•   explain the acquisition of (scientific) knowledge through its
    genetic development (sta...
Bruner: enactive knowledge
•   Stages are forms of knowledge and learning; learning is re-
    organization

•   3 forms o...
Bruner: educational
              principles
•   instruction should be based on knowledge about cognition

•   knowledge =...
Bruner: constructivism
•   constructivism =
    discovery, through
    manipulation and      •   "The concept of prime num...
Papert: constructionism

• Seymour Papert (1991) : proposes a form of
    education in which learning passes through desig...
constructionism &
                 technology
•   computers make the kindergarten become lifelong

    •   “computers prov...
•   Logo turtles for teaching mathematics

•   turtles are robots connected to a computer; the child drives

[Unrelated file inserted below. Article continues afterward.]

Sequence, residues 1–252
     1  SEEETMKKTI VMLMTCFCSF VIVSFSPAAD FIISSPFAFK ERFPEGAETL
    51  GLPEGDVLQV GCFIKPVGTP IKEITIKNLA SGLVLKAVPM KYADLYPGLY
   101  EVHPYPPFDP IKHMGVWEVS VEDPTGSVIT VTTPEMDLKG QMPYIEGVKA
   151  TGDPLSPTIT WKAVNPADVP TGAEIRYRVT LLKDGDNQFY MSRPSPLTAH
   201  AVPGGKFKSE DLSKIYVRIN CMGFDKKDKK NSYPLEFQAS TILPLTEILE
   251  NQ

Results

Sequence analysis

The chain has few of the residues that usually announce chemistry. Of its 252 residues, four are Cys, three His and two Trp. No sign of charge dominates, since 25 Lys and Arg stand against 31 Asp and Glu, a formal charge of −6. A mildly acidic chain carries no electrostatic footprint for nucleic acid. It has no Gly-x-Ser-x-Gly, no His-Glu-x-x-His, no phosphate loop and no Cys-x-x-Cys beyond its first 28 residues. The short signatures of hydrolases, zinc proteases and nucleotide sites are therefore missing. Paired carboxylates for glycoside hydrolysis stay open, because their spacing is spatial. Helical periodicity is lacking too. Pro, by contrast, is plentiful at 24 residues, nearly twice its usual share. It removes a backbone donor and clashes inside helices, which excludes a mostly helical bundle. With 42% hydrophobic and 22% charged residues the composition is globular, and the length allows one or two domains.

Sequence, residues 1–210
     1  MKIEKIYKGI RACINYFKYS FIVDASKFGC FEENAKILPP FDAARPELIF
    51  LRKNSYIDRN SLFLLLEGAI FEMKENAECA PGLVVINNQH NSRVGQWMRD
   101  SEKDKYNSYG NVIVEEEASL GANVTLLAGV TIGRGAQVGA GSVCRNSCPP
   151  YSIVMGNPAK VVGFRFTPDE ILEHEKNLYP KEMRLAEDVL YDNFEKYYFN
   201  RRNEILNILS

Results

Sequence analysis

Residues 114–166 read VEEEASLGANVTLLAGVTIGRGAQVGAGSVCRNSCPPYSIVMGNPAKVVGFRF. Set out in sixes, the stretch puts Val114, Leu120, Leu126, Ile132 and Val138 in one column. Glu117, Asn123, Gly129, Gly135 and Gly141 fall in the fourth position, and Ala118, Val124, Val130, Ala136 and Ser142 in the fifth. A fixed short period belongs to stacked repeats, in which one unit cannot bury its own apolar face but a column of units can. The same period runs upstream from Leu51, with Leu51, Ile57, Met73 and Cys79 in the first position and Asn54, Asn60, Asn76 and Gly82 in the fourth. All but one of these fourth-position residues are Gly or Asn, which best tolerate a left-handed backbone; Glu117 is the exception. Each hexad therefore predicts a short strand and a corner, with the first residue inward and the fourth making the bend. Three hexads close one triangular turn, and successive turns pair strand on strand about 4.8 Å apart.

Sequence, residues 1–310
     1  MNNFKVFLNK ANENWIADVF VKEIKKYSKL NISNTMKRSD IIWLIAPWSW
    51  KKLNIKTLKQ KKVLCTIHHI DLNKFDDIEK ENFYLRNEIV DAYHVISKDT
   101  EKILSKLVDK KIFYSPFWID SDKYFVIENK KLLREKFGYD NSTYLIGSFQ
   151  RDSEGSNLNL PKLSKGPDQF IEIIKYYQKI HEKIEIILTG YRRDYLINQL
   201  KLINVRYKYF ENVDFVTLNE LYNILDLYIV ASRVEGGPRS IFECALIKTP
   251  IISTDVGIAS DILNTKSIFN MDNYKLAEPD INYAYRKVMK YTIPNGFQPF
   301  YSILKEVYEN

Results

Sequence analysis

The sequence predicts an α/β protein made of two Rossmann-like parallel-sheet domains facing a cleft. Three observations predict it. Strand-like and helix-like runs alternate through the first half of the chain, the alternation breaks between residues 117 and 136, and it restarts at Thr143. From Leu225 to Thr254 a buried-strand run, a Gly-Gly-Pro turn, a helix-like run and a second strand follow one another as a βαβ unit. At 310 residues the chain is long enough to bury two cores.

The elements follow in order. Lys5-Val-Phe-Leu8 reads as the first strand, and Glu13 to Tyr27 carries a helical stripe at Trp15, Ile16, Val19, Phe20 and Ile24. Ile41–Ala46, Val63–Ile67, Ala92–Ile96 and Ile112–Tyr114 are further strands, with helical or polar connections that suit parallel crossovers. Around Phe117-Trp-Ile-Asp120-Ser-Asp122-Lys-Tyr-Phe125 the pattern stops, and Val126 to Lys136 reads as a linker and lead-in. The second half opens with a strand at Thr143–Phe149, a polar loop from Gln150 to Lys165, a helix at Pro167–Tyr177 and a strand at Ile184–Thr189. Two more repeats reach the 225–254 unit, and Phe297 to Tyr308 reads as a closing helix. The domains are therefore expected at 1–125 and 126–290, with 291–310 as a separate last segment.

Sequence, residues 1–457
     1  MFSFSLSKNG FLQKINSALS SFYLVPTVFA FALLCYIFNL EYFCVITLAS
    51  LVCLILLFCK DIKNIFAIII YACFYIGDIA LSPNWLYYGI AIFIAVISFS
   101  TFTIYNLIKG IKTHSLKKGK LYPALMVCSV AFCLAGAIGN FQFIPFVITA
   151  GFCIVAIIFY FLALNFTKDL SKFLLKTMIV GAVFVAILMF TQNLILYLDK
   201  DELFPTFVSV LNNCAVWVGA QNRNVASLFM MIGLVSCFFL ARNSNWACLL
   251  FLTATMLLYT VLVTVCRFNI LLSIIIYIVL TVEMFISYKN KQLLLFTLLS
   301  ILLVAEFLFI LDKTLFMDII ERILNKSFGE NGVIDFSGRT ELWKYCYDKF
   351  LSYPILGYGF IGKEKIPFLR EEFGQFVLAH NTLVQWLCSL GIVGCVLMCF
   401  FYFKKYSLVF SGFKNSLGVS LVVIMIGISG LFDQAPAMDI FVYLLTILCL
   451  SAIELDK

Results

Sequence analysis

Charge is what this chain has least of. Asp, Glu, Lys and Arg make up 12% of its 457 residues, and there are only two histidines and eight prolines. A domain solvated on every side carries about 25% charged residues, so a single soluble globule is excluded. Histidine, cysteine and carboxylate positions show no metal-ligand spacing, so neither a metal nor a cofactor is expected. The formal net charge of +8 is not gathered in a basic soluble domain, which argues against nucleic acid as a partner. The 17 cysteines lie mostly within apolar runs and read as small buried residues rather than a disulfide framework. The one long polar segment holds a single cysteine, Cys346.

the turtle...
3. The two aspects of construction: physical and
                 metaphorical

                                     which...
two aspects of
             constructivism

•   constructivism/concrete knowledge =
     hands-on as a physical process of...
hands-on
                                         •   one can have hands on and
•   hands-on:                             ...
•   epistemological pluralism
    rehabilitates concrete
                                     constructivism
    knowledge...
•   Concrete knowledge and
    decentralization are not
    necessarily alternatives to
                                 c...
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La nouvelle vague des sciences cognitives et les modèles constructionnistes d'apprentissage

  1. 1. cognitive sciences and technologies: the “nouvelle vague” and its effects on education elena pasquinelli